• It would have to be necessary or contingent

  • It consists of contingent beings, so it can’t be necessary

  • But it doesn’t depend on anything outside itself

Al ghazali s reply
Al-Ghazali’s Reply

  • But the series could be necessary, even though every event in it is contingent


  • Averroes (ibn Rushd, 1126-1198)

  • Harmonizes religion and philosophy, and refutes al-Ghazali, in The Incoherence of the Incoherence

Two kinds of causes
Two Kinds of Causes

  • Efficient cause: once caused, result is independent of cause

  • Dependence: result continues to depend on cause— cause and effect are inseparable

Contingent necessary
‘Contingent’, ‘Necessary’

  • Ambiguous

  • Contingent = having an efficient cause = having a causal explanation OR

  • Contingent = depending on something else

  • Necessary = having no causal explanation OR

  • Necessary = independent, self-sufficient

Averroes s argument
Averroes’s Argument

  • The world of efficient causes:

  • . . . <— c <— b <— a







Leibniz 1646 1716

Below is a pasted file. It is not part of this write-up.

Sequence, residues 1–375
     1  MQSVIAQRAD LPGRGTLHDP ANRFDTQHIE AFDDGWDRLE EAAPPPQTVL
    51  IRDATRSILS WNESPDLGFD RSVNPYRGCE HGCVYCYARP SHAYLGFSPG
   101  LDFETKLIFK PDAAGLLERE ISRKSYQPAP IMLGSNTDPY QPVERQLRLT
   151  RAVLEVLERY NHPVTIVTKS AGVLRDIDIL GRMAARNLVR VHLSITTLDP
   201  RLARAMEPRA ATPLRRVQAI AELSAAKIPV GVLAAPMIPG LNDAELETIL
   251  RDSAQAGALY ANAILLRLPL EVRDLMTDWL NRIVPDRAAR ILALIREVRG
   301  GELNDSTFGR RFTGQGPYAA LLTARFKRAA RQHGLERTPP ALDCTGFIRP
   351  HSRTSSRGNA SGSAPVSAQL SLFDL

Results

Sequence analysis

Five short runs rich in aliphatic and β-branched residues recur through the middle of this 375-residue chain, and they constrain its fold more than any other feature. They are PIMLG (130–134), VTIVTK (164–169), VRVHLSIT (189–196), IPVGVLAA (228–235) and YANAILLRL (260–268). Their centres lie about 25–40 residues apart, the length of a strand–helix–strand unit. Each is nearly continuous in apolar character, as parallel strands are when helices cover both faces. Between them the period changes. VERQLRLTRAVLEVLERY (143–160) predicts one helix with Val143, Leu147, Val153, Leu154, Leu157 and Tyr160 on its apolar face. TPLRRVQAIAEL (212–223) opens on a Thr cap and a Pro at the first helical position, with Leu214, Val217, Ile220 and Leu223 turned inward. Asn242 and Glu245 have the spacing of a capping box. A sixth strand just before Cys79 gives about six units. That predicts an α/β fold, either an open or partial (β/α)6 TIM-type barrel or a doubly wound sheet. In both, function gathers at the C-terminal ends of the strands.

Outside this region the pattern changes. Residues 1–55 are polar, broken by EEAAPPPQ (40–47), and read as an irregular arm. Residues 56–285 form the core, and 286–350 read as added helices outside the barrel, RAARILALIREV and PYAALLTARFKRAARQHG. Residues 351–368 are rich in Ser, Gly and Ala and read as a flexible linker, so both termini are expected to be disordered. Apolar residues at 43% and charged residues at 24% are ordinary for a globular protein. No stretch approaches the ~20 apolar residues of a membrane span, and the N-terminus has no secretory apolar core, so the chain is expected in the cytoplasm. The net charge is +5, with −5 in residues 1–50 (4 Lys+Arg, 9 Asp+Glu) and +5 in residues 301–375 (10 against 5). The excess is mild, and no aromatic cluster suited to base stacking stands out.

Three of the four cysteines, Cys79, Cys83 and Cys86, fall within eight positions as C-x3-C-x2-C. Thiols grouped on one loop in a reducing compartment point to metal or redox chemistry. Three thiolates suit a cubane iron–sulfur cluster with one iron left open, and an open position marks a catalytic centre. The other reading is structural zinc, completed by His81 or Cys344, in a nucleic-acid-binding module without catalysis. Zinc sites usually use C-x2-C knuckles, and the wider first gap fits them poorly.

Leibniz (1646-1716)

  • Principle of Sufficient Reason: “Nothing happens without a sufficient reason.”

  • So the universe— the series of contingent causes— must have a sufficient reason for its existence:

  • Something which is its own sufficient reason for existing: God

Aquinas s design argument
Aquinas’s Design Argument

  • All bodies obey natural laws.

  • All bodies obeying natural laws act toward an end.

  • Therefore, all bodies act toward an end. (Including those that lack awareness.)

  • Things lacking awareness act toward a goal only under the direction of someone aware and intelligent.

  • Therefore, all things lacking awareness act under the direction of someone aware and intelligent: God

Aquinas s design argument1
Aquinas’s Design Argument

  • All things lacking awareness act under the direction of someone aware and intelligent.

  • The universe as a whole lacks awareness.

  • Therefore, the universe as a whole acts under the direction of someone aware and intelligent- namely, God.

William paley 1743 1805
William Paley (1743-1805)

  • Suppose you find a watch

    • Intricate

    • Successful

  • You’d infer that it had an intelligent maker

  • Similarly, you find the universe

    • Intricate

    • Successful

  • You shoud infer it had an intelligent maker, God

Hume s criticisms
Hume’s Criticisms

  • Analogy isn’t strong

  • Universe may be self-organizing

  • Taking analogy seriously:

    • God not infinite

    • God not perfect

      • Difficulties in nature

      • Can’t compare to other universes

      • Maybe earlier, botched universes

      • Maybe made by committee

  • Why machine, rather than animal or vegetable?

Hume s scepticism
Hume’s Scepticism

  • Variability: Many hypotheses are possible

  • Undecidability: We have no evidence that would let us select the most probable